PEOPLE v. JACK

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District Court of Appeal, First District, Division 1, California.

PEOPLE of the State of California, Plaintiff and Respondent, v. Wallace Lee JACK, Jr., Defendant and Appellant.

Cr. 4324.

Decided: April 06, 1965

Ian G. Allen, San Francisco (under appointment of the District Court of Appeal), for appellant. Stanley Mosk, Atty. Gen., Derald E. Granberg, John F. Kraetzer, Deputy Attys. Gen., San Francisco, for respondent.

A jury found defendant guilty of forging a prescription for a dangerous drug. (Bus. & Prof.Code § 4237.)1 He appeals from the judgment of conviction.

On June 4, 1962, at about 11:45 a. m. Angelo J. Schenone, a pharmacist employed at the Four Corners Pharmacy in Concord, received a telephone call from a person identifying himself as Dr. Bagnall in Richmond. The caller said that he was telephoning in a prescription of 50 capsules of dexedrine for one Adrian Ryan.

Schenone wrote the prescription on a piece of paper captioned ‘Telephoned Prescription’ as the doctor was giving it to him over the telephone. This paper, which was received in evidence without objection, thus contained the name and quantity of the medication, the directions for taking it, the doctor's name, address and telephone number, and the name and address of Adrian Ryan for whom the drug was prescribed. After the druggist received the telephone call, he was suspicious of the prescription and telephoned Dr. Bagnall to confirm it. The latter tod Schenone that he had not telephoned the prescription to the pharmacy. Schenone thereupon telephoned the sheriff's office.

At about noon on the same day, defendant entered the pharmacy and browsed around. He at first declined Schenone's offer of assistance and went over to a watch display counter. When the druggist again approached him, defendant selected a watch and at the same time told Schenone that he was there to pick up a prescription for Adrian Ryan.

Although Schenone had already prepared the prescription, in order to delay defendant until a sheriff's officer arrived, he told defendant that it was not ready. He asked defendant for Ryan's street address and was given the same address received during the previous telephone call. Hs spent further time counting and recounting the capsules and finally brought the prescription and watch to defendant at the cash register.

At this time Officer Sang of the Contra Costa Sheriff's Office arrived and spoke to another employee in the store who in turn informed Schenone that ‘the gentleman from the Sheriff's office’ was there. Thereupon, defendant, who had already taken out his wallet and was about to pay for the merchandise, stated that he did not have enough money and that he would have to get some from his wife who was in the car. Defendant then left the store followed by Officer Sang

Defendant walked over to and entered an automobile parked in frond of the drug store. There was no one else in the car. Sang then identified himself and requested defendant to return to the drug store for questioning. The two men, along with Schenone, went to a room behind the prescription department where Officer Sang asked defendant to explain the prescription and for an identification. Defendant produced his driver's license. Upon inquiry defendant denied making the previous telephone call. At one point during this conversation defendant asked Schenone if the latter had ‘to press this charge on me.’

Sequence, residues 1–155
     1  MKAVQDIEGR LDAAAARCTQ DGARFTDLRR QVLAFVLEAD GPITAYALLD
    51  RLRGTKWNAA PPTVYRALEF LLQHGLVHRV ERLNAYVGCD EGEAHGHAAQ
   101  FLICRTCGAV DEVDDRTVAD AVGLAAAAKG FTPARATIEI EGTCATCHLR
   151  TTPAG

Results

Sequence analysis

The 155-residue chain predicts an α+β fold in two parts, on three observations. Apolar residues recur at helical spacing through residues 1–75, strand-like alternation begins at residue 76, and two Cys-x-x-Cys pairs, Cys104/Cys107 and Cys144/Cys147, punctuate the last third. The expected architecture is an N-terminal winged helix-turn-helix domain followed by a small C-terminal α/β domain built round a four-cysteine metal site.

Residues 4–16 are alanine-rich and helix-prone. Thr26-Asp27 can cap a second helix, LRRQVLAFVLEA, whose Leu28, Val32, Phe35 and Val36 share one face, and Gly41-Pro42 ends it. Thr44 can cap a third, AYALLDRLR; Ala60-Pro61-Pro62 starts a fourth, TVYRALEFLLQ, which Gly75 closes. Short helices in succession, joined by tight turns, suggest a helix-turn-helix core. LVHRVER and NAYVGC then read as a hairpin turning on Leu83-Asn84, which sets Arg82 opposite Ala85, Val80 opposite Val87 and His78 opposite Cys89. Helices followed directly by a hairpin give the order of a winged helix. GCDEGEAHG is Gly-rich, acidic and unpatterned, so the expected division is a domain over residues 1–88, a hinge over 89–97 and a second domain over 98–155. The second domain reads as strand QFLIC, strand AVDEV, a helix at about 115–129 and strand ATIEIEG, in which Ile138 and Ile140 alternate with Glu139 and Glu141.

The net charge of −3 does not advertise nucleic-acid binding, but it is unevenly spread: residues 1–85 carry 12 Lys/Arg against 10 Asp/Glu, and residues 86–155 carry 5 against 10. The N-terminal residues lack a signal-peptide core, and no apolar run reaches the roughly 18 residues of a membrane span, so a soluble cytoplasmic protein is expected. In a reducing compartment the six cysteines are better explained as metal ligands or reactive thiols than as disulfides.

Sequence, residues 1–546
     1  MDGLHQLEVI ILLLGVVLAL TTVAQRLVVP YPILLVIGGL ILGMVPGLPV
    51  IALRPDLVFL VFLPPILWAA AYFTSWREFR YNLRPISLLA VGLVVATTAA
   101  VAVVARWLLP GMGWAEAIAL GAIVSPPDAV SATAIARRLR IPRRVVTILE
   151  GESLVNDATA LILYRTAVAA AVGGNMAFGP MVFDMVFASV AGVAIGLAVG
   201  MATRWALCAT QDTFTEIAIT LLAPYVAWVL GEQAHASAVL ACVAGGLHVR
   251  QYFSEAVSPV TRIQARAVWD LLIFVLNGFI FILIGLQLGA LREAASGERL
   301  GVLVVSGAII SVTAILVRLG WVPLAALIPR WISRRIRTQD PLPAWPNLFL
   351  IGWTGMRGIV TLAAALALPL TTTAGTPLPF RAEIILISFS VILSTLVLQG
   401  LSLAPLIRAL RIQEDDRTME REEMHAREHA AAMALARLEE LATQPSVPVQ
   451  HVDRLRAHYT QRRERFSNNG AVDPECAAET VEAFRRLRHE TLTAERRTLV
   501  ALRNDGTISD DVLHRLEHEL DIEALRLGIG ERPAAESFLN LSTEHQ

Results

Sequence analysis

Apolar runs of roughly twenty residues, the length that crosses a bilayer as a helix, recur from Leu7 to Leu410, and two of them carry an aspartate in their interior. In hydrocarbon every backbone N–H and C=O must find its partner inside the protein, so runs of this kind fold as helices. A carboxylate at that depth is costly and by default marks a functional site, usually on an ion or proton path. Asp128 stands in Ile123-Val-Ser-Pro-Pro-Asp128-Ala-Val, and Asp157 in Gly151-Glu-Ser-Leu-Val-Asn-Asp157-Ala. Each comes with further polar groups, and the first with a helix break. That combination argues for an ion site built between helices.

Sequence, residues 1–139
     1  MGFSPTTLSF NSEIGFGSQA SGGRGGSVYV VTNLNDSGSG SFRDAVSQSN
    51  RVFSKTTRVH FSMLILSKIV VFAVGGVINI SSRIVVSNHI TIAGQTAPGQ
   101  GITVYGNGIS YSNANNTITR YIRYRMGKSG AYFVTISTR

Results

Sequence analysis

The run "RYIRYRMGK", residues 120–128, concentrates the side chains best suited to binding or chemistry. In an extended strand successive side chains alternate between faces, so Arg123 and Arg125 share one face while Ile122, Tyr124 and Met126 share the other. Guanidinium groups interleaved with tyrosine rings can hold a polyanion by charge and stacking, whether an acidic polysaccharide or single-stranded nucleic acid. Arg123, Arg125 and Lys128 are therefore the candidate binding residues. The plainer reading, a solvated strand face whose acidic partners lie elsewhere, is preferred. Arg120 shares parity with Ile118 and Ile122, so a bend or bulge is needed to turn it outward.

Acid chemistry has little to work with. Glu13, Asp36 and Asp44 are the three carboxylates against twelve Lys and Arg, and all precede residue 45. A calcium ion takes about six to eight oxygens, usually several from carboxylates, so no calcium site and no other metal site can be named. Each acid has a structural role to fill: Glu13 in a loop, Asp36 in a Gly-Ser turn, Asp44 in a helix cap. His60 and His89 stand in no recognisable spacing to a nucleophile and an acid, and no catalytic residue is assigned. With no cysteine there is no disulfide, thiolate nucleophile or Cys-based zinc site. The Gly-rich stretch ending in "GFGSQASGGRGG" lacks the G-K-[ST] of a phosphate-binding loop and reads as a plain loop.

Sang then arrested defendant and took him to the county jail. During this trip defendant stated that he had been previously convicted of a similar charge and was then on probation, and asked Sang not to call his probation officer.

The prosecution called Dr. Bagnall who testified that he had never telephoned the prescription in question nor authorized anyone to do so and that he had no patient by the name of Adrian Ryan. In addition the prosecution introduced evidence, which we need not set forth in detail, to the effect that on two prior occasions defendant had telephoned in to drug stores prescriptions for dangerous drugs which were purportedly from doctors for their alleged patients.

Defendant took the stand in his own behalf, denying that he telephoned in the prescription here involved and claiming that he intended to purchase only a watch and some razor blades. In substance he contended that it was Schenone and not he who mentioned the medicine and that he left because he thought Schenone was trying to force him to buy more than he ordered. According to defendant, he made the remarks about getting more money from his wife in the car only as an excuse to avoid sales pressure and get out of the store. Defendant, however, admitted his commission of similar acts on previous occasions, blaming them on domestic problems, work and scholastic pressure.

At the conclusion of the case in defense and outside the presence of the jury2 defendant made a motion for a directed verdict of acquittal or in the alternative for a dismissal of the information on the ground that the evidence failed to establish a forgery of the prescription within the meaning of section 4237. After an extensive argument, the motion was denied.